The following documentaries came out in 2019, but I did not see them until 2020:
1. The Gift: The Journey of Johnny Cash. With the same director (Thom Zinny) who worked on Elvis Presley: The Searcher a few years ago, this documentary uses a similar approach. It doesn’t go over Cash’s career point by point, though it offers a basic tour. It doesn’t have talking heads, instead using voiceovers from vintage Cash interviews and many people who knew and/or admired him, including some superstars like Bruce Springsteen who didn’t have a notable role in his story. There are many photos and vintage film clips, stretching from the 1950s to shortly before his death. Attention’s paid to both his music and up-and-down personal life, including some family and pill problems.
If you’re looking for thorough details on all of his notable songs and recordings, you might be at least a little disappointed. “I Walk the Line” isn’t heard; “A Boy Named Sue” isn’t even mentioned; and his time in the Highwaymen is absent. It’s kind of an episodic path through his times, from growing up in poverty in Arkansas through his rise to stardom at Sun Records, his 1960s concept albums, his hit prison LPs, his TV show, his religious beliefs, and his comeback in late life with Rick Rubin. It’s worthwhile and fairly illuminating, but I’d say it’s worth more than 95 minutes. Give it two hours, and maybe some more interesting details could have fit in—like, say, a clip of and discussion of “I Walk the Line,” his first big hit, and one of his best. You can see this documentary for free on youtube, as part of that site’s YouTube Originals series.
2. Olompali: A Hippie Odyssey. While only tangentially related to rock history, the Chosen Family commune in Rancho Olompali in Marin County in the late 1960s makes for an interesting story. Its connection to the rock scene was principally through the Grateful Dead. And it wasn’t even too strong – the Dead rehearsed there a few times, lived on the grounds for a while in 1966 (before the commune moved in), and, maybe most famously, took the picture on the back cover of Aoxomoxoa there. The communal lifestyle, however, was growing in tandem with the explosion of psychedelic music and culture, and should be of interest to most people interested in that period of musical history.
The Chosen Family was started in 1968 by disillusioned ex-businessman Don McCoy, who could afford to support an extended family through an inheritance. The good part of the year or so more than half a dozen families and others lived there was mostly in the beginning, where group decisions were made, children played together and were home-schooled, and lots of cooperative fun was had. There were warning signs soon enough: kids were given drugs at a very young age, and McCoy went to India, where he found a guru while leadership in his absence grew haphazard. Then it got worse – much worse. Hell’s Angels gang-raped one of the commune’s women. There were two big drug busts. Worst of all, two young children drowned when they fell in the swimming pool without supervision. Not even the main mansion burning to the ground shortly afterward (and fortunately not killing anyone) was as bad as that.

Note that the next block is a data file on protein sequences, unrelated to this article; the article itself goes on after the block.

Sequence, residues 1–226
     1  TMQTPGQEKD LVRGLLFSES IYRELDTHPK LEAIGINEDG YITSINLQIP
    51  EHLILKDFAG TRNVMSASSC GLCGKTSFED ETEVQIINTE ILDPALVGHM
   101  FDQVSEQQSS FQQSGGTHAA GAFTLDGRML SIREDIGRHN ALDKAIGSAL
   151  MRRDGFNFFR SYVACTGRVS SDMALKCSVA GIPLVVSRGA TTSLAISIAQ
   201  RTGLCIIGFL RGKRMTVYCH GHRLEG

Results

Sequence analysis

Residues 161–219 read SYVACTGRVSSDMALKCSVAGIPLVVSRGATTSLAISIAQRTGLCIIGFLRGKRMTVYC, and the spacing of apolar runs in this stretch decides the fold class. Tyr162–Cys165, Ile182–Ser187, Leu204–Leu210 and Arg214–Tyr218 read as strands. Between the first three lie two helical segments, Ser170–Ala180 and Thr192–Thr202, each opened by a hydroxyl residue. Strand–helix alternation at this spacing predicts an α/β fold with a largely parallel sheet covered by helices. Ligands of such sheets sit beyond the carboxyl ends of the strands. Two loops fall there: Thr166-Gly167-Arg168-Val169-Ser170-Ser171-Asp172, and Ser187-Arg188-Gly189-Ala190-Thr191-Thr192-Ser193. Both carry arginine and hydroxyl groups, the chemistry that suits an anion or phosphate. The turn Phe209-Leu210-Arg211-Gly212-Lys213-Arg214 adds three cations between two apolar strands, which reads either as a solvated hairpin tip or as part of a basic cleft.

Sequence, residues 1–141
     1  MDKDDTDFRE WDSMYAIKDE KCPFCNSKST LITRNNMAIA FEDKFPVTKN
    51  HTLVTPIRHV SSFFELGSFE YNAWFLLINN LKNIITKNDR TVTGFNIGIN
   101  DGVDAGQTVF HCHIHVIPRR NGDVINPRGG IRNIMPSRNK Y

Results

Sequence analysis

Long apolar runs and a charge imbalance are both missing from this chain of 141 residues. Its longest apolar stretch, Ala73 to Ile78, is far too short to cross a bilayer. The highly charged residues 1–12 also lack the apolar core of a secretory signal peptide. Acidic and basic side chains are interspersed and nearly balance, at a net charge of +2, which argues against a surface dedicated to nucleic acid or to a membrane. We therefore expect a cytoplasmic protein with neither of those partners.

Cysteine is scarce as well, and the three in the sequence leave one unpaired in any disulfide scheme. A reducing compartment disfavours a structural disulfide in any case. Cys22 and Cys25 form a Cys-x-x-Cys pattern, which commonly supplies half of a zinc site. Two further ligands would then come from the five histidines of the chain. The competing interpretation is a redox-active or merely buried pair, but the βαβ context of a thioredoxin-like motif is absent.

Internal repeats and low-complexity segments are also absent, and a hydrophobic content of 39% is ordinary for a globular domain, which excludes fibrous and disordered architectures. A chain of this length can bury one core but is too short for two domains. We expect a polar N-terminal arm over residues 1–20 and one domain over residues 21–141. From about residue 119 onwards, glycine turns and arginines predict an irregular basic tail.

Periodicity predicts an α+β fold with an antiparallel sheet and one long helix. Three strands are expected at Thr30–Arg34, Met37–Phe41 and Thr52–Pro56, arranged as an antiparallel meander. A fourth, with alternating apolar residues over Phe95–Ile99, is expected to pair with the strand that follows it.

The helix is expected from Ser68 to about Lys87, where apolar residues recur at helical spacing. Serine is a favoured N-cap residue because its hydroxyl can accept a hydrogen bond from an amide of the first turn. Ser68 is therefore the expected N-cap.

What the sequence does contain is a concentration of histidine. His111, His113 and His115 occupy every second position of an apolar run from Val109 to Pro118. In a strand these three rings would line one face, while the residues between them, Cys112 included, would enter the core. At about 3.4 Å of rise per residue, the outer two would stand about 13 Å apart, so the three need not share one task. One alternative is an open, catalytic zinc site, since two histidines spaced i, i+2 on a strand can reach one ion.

The documentary has first-hand interviews with many of the residents, including the now-middle-aged children. McCoy died in 2004, but is well represented from numerous extracts from an oral history he taped. Plenty of photos from the period also illuminate a tale whose value shouldn’t be dismissed as a morality tale of how the hippie dream was doomed and inherently hopeless. There were a lot of noble goals and some happy times associated with its inception, even if its fall from grace was pretty horrible, and due in part to inexcusable irresponsibility.
3. Creating Woodstock (Cinema Libre Studio). Just like Woodstock’s 50th anniversary generated several books and a 38-CD box set, so did it generate more than one documentary. Focusing more on the genesis and staging of the event than the music, this covers some of the same ground as the superior PBS/American Experience production Woodstock: Three Days That Defined a Generation (reviewed in my 2019 best-of documentary list). But even with the fair amount of overlap, this is worth seeing if you want some more information and stories, even if some of it’s retold with different words.
There’s little music heard, and the footage of both the performers and audience is variable, the emphasis being on interviews with the organizers. Some of them were among the principal figures, like John Roberts, Joel Rosenman, Michael Lang, and Artie Kornfeld; others, like talent coordinator Bill Belmont, aren’t heard from as often. Just a few musicians are here too (Arlo Guthrie, Leslie West, and Richie Havens), along with a couple guys from a band who played off the main stage, Quarry. Some of the interviews were obviously done years, sometime many years, before the 2019 release date of this film; indeed, more than half a dozen of them are no longer alive. Some of the details of stage construction, crowd management logistics, and the like get dry, though they’re evened out by a few behind-the-scenes anecdotes about the performers. A half dozen brief extras from a few of the interviews are included on the DVD.
4. San Francisco’s First and Only Rock ‘N’ Roll Movie: Crime 1978 (Superior Viaduct). In 1978, Larry Larson filmed early San Francisco punk band Crime in the city’s top punk venue, Mabuhay Gardens. About forty years later, the footage was used as the basis of this 35-minute film, edited and directed by Jon Bastian. It’s a brief piece, really more a concert movie than a documentary, and like much early punk footage, has imperfect sound that makes it hard to hear the lyrics. Still, it’s valuable for the historic record, capturing the group in color at the Mabuhay’s apex. It has better image quality than most early punk films do; there’s a little footage of the group filmed separately in an outdoors location; and there are very brief interview snippets with the band that are more statements of attitude than informational observations. It’s been issued on DVD with a vinyl double seven-inch record of the soundtrack.